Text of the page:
• hulawafu77 - Thursday, September 06, 2012 - link

    AMD's APU is a pitiful solution compared to Intel Ivey Bridge + Nvidia 680M. Your suggestion is not even remotely comparable. Not even in the same stadium for performance. Reply
  • hmoobphajej - Thursday, September 06, 2012 - link

    Their APU isn't suppose to be a solution to discrete CPU + GPU. They're a all around solution to mobility that offers a adequate performance for computation and graphics. They're for the main stream users that don't want to play BF3 on ultra or any other demanding games in particular. The APUs are more or less aimed at what mainstream buyers would want; which is a computer for daily use, good battery life, smaller form factor, and a cheaper price. Not somehting a enthusiast gamer would want... which is a desktop. Reply
  • sirizak - Thursday, September 06, 2012 - link

    I've been following this for awhile now, I almost bought a 7970m gpu'd P150EM a month ago due to the pricing vs the 680m. I am still waiting to purchase this laptop. In Australia I can get one specced with 7970m for under $2000, GTX 680m is $2300, I have told lovely that I will come in under $2000.

    Until this the Enduro under utilization issue is resolved I will not buy this laptop, it is that simple. Otherwise it ticks all my boxes, quality matte screen, backlit keyboard, plenty of CPU and SSD choices, and an unobtrusive exterior. I believe there may also be issues with the headphone outputs of the P150EM. Thats not AMDs issue but another cross against this setup.

    This is not cheap kit, if you cannot get this sorted please pull the product, it's a disgrace and ruining not only AMDs reputation but also the reputation of all the Clevo resellers. ie. Metabox in Oz, Sager in the US.

    These machines are hitting a sweet spot on the price vs performance scale, it's a shame I can't justify spending my hard earned dollars on something that is inherently faulty.

    Disclosure: I currently run a Xfire 5870 setup on my desktop, but AMD's performance here is forcing me to reconsider my GPU vendor going forward.
    Reply
  • TokamakH3 - Friday, September 07, 2012 - link

    Don't buy the 7970m. Especially not on a Clevo. I do place some of the blame on them as most of the other gaming laptop manufacturers recognized this problem and installed the ability to disable Enduro in the bios, boosting performance by as much as 50%. Clevo did not. Reply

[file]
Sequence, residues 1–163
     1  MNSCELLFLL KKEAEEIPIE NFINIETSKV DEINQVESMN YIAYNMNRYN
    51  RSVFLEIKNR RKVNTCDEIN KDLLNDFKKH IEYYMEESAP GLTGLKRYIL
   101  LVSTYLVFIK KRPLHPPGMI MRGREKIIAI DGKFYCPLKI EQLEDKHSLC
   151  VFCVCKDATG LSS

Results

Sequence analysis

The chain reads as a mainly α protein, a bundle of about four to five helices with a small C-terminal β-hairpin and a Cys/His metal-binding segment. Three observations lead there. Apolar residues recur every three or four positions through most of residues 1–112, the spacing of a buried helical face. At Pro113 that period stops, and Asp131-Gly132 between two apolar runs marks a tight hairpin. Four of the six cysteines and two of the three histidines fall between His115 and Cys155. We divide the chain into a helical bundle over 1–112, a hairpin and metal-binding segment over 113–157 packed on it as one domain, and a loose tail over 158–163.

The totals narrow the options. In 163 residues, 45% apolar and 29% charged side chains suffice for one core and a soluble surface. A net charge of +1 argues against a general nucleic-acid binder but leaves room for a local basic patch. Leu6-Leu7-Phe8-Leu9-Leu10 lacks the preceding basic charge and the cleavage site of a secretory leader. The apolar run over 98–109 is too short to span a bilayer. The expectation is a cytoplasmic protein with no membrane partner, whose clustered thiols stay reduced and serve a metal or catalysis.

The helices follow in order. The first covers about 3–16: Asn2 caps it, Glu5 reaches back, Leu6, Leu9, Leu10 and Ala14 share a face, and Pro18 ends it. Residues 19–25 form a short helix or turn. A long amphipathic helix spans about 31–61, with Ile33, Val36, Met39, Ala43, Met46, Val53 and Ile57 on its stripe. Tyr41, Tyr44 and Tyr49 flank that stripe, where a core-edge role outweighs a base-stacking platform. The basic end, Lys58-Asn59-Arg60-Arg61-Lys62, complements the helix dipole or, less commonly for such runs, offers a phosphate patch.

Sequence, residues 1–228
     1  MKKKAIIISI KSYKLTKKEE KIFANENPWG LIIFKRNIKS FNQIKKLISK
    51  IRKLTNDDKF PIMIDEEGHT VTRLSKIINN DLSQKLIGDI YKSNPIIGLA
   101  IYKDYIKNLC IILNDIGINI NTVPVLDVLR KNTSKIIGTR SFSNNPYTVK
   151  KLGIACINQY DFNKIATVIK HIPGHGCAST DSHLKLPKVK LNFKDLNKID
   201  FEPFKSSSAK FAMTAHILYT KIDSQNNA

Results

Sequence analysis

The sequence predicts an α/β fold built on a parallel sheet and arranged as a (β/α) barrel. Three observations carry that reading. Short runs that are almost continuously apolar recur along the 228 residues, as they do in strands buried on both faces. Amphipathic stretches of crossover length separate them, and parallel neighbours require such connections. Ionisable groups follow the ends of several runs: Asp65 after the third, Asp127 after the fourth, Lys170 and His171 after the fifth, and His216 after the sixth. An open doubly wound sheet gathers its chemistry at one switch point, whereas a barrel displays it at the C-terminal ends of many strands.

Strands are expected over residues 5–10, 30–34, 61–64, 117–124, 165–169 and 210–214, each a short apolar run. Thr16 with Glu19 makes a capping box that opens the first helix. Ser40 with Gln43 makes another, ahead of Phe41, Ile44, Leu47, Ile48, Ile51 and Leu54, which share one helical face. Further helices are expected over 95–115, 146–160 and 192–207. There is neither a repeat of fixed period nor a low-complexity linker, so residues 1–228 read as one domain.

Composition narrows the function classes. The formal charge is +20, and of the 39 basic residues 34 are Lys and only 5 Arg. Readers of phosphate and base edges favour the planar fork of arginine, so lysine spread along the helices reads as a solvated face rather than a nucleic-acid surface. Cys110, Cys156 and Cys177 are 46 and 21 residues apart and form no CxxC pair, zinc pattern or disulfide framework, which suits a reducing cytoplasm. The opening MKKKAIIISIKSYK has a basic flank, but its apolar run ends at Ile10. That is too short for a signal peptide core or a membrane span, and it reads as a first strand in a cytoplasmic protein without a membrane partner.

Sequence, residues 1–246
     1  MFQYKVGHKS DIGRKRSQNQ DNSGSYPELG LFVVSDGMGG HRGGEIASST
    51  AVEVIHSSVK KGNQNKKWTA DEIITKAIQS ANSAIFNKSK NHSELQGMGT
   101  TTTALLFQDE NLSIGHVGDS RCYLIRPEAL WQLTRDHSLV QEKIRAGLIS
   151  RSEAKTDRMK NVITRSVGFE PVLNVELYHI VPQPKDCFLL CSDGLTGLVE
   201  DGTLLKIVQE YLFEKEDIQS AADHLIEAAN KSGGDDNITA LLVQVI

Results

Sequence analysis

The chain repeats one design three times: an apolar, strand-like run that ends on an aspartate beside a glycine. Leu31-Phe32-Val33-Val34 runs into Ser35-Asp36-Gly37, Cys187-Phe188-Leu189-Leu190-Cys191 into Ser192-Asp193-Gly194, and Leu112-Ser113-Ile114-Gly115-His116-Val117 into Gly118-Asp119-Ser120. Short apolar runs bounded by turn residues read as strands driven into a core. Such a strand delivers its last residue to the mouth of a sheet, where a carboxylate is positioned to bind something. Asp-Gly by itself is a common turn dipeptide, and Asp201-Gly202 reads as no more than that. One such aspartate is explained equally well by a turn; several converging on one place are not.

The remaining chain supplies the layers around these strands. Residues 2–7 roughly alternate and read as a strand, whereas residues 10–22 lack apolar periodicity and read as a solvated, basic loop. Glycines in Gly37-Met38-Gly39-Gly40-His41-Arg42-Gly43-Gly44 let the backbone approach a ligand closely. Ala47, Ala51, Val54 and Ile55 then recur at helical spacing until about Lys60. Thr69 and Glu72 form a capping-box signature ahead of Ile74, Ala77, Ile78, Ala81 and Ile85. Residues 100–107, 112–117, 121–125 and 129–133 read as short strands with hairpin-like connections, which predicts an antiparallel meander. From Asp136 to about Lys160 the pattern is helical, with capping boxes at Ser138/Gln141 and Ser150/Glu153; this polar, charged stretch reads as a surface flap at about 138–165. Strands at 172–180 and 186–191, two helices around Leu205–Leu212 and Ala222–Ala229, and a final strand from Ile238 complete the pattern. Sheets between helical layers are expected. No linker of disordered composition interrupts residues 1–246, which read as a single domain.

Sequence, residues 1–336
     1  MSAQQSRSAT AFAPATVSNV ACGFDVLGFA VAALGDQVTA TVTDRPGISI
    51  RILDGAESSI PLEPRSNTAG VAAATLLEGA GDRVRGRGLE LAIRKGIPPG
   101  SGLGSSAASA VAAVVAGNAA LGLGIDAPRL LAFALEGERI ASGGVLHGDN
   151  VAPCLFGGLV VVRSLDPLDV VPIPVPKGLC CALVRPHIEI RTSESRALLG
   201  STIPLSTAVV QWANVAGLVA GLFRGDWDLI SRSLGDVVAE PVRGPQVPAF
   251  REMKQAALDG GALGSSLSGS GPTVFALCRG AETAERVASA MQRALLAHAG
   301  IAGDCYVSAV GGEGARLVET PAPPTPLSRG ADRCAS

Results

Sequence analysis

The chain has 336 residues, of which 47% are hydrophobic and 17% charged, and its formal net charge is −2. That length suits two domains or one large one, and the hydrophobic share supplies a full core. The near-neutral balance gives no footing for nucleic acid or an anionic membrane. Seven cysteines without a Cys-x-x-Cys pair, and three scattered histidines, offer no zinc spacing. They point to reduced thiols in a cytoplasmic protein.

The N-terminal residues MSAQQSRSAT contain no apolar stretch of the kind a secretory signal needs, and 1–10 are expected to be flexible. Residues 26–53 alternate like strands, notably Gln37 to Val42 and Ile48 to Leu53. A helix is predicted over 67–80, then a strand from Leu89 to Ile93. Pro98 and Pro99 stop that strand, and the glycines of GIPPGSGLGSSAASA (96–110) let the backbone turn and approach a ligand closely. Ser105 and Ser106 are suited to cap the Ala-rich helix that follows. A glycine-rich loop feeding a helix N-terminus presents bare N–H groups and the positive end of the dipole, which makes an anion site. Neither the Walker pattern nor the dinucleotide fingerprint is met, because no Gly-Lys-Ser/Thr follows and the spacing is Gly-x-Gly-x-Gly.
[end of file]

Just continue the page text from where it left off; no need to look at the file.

• Vozier - Thursday, September 06, 2012 - link

    Hi all,
    first of all there some lads wich understandably are pretty mad with AMD and its 7970 product. I wont tell them to cool down, because they have been struggling with the issue for too long and even if a solution comes up now it will be already a bit late, since 1 year in computer hardware is upgrade time anyway...
    That said i have recently bought a clevo P150 EM with 7970M. Not being a hardcore gamer and never having bought a gaming laptop before i am prepared to be dazzled, even with all the issues stated, but mainly because of my comparison point...
    I do support and hope enduro fixes the main issues it has, mostly GPU underutilization %s when unwanted.
    Would it be so hard to fix 100% GPU utilization under catalyst?
    I say this because the whole issue seems to be caused by enduro's "best intentions" to optimize power usage, but failing big in doing so without affecting gameplay (ultimately FPS).
    Its very clear the 7970M is mismanaged by enduro when testing games in alienware (that can shut enduro off), so it aint so har to think this could be fixed somehow.
    The 7970M CAN perform, and DOES perform better that GTX 680M, when enduro is shut down, at least that gives everyone hope.

    I do think this article isnt AMD biased, it does fail in meassuring GPU utilization (%GPU usage in game tests) as done by many affected users to prove and show the MAIN problem, i hope this will be included in the promised game tests.

    It gives me at least hope because it clearly states AMD IS AWARE of the issues, and working to fix them...
    It also gives me hope to see the issue in mainly a driver issue.

    i quote:
    "The biggest news with the latest iteration of Enduro is that AMD is planning to make universal reference drivers available for all the Enduro laptops. It’s not clear precisely what that means, but potentially any laptop with Dynamic Switchable Graphics or later (e.g. PX4.0 and later) would be supported by AMD’s “reference” drivers. That’s huge, and if AMD can deliver it will assuage most of our concerns with their hardware/software. Hopefully none of the OEMs get bent out of shape or refuse to allow support, which is a problem we've seen in the past. We should see the first public release in the next month or two, and then another release somewhere in the November/December timeframe."

    good article!

    Voz
    Reply